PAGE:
Part 4 of R&D Magazine's 2010 executive roundtable. Many R&D organizations are seeing a greater collaboration and partnership activity. Are you seeing this trend? If so, what are some of the forces behind it, and how is it affecting your organization?
Part 3 of R&D Magazine's 2010 executive roundtable. Describe your organization’s staffing and recruiting challenges as you see them now.
Part 2 of R&D Magazine's 2010 executive roundtable. What one word would you use to describe the current state of industrial research?
Today’s economic and employment realities drive research organizations to develop new strategies.
Last year, I got a sneak peek at NASA’s new wheel design for extra-terrestrial exploration, one of the more easily grasped technologies to emerge from NASA’s ongoing work to push humanity back into space, Constellation or no.
Developed at NASA’s Glenn Research Center, and further refined through a partnership with GATR Technologies Inc., The GATR Inflatable Satellite Communication System (GATR 1.8m and GATR 2.4m Antenna Systems) is the first FCC-certified inflatable antenna suitable for ground-based applications.
NASA Glenn Research Center’s Thin Film Ferroelectric High Resolution Scanning Reflectarray Antenna (HRSRA) for Aerospace Communications is a new antenna concept designed to enable electronically steerable, high data rate communications in a simple, low-cost, reliable communications device.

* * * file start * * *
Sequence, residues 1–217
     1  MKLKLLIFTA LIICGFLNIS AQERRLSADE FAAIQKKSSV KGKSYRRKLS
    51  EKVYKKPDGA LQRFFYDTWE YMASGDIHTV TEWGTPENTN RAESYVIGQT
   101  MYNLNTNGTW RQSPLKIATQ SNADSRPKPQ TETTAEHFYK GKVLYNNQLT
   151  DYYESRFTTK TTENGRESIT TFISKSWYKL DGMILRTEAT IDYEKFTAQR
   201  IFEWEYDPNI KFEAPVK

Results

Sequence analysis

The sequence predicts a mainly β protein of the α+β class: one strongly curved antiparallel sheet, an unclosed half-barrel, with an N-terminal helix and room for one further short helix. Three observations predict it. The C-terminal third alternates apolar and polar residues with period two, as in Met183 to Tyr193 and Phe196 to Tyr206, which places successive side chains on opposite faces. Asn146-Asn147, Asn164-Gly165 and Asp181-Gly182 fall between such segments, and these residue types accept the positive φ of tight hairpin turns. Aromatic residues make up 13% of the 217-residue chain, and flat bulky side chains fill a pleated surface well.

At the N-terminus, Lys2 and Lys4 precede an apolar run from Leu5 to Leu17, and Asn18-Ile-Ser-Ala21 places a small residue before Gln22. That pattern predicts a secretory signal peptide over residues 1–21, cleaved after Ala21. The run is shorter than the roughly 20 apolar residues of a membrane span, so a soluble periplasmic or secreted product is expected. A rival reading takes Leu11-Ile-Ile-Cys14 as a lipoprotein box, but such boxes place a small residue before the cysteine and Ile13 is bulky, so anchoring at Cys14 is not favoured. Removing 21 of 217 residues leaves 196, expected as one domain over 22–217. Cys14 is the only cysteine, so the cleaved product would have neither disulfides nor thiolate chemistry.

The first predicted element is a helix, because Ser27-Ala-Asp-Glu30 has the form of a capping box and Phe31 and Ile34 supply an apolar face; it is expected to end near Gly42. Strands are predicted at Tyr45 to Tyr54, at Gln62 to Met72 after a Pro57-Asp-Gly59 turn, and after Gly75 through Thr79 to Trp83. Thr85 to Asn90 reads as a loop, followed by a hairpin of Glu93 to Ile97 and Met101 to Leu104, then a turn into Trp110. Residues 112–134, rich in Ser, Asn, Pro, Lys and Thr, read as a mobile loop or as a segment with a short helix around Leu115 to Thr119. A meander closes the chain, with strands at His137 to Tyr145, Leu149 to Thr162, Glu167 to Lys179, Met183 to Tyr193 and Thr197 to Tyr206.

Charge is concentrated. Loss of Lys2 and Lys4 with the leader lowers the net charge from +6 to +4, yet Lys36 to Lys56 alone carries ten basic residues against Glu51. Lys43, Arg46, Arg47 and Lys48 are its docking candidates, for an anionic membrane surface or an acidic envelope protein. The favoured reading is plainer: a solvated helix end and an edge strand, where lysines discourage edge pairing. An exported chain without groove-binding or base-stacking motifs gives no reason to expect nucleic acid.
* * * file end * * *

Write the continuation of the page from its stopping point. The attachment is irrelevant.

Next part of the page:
Low Plasticity Burnishing (LPB), a new technology from NASA Glenn Research Center and Lambda Technologies, offers residual stress orders of magnitude deeper than shot peening with minimal plastic deformation.
Comprised of 800 load-bearing helical springs, the Spring Tire, a joint effort of NASA Glenn Research Center and The Goodyear Tire & Rubber Company, takes the lessons of Apollo and puts a new face on airless tires.
Visit one of Florida’s premier tourist destinations (no, not Disney) and it’s a little hard to believe there’s a countdown unrelated to a rocket launch. Nearly everything at Kennedy Space Center is designed to show visitors that not only does NASA has a rich history of space exploration, it’s still going strong as the world’s premiere launch facility.
Biotechnology has two of the most promising commercialization areas in orbital research: x-ray protein crystallography and vaccine therapeutics. But the demise of the space shuttle and the dearth of venture capital could stall some important R&D.
Monday was probably a bittersweet day for NASA. Told that it would no longer be following President Bush’s lunar comeback effort or even launching its own astronauts into space, the agency must now look to contractors for their escape velocity needs.
So here’s the challenge, design a glove that will resist the cold and vacuum of space and the ever-present threat of micrometeoroid penetration yet remain pliable and flexible enough to allow an astronaut to perform a dextrous task. The glove must be complete, including the outer thermal layer and inner pressure-retaining layer.
Earlier this week, I travelled to Cleveland for a day to talk a little bit at the NASA Glenn Research Center about the R&D 100 Awards and the experience of writing about innovation and R&D. What I found was a lot of enthusiasm for the future of space exploration and a NASA that’s growing again.
- Page 1